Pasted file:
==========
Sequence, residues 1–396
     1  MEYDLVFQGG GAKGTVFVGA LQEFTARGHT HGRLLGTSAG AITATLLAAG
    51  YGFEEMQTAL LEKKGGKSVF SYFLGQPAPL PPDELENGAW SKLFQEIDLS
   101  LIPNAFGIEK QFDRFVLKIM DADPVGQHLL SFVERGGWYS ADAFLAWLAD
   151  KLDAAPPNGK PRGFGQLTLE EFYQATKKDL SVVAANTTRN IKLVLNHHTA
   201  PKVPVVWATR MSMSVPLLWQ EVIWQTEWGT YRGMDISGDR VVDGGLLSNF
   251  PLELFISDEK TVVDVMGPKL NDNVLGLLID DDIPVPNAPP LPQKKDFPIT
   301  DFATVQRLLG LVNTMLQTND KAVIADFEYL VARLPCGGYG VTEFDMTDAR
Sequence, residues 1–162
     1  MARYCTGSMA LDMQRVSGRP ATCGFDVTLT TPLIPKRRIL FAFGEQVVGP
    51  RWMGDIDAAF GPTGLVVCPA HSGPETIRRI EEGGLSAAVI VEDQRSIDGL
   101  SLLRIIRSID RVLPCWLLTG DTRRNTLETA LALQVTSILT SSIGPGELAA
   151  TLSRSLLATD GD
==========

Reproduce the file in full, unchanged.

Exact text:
Sequence, residues 1–396
     1  MEYDLVFQGG GAKGTVFVGA LQEFTARGHT HGRLLGTSAG AITATLLAAG
    51  YGFEEMQTAL LEKKGGKSVF SYFLGQPAPL PPDELENGAW SKLFQEIDLS
   101  LIPNAFGIEK QFDRFVLKIM DADPVGQHLL SFVERGGWYS ADAFLAWLAD
   151  KLDAAPPNGK PRGFGQLTLE EFYQATKKDL SVVAANTTRN IKLVLNHHTA
   201  PKVPVVWATR MSMSVPLLWQ EVIWQTEWGT YRGMDISGDR VVDGGLLSNF
   251  PLELFISDEK TVVDVMGPKL NDNVLGLLID DDIPVPNAPP LPQKKDFPIT
   301  DFATVQRLLG LVNTMLQTND KAVIADFEYL VARLPCGGYG VTEFDMTDAR
Sequence, residues 1–162
     1  MARYCTGSMA LDMQRVSGRP ATCGFDVTLT TPLIPKRRIL FAFGEQVVGP
    51  RWMGDIDAAF GPTGLVVCPA HSGPETIRRI EEGGLSAAVI VEDQRSIDGL
   101  SLLRIIRSID RVLPCWLLTG DTRRNTLETA LALQVTSILT SSIGPGELAA
   151  TLSRSLLATD GD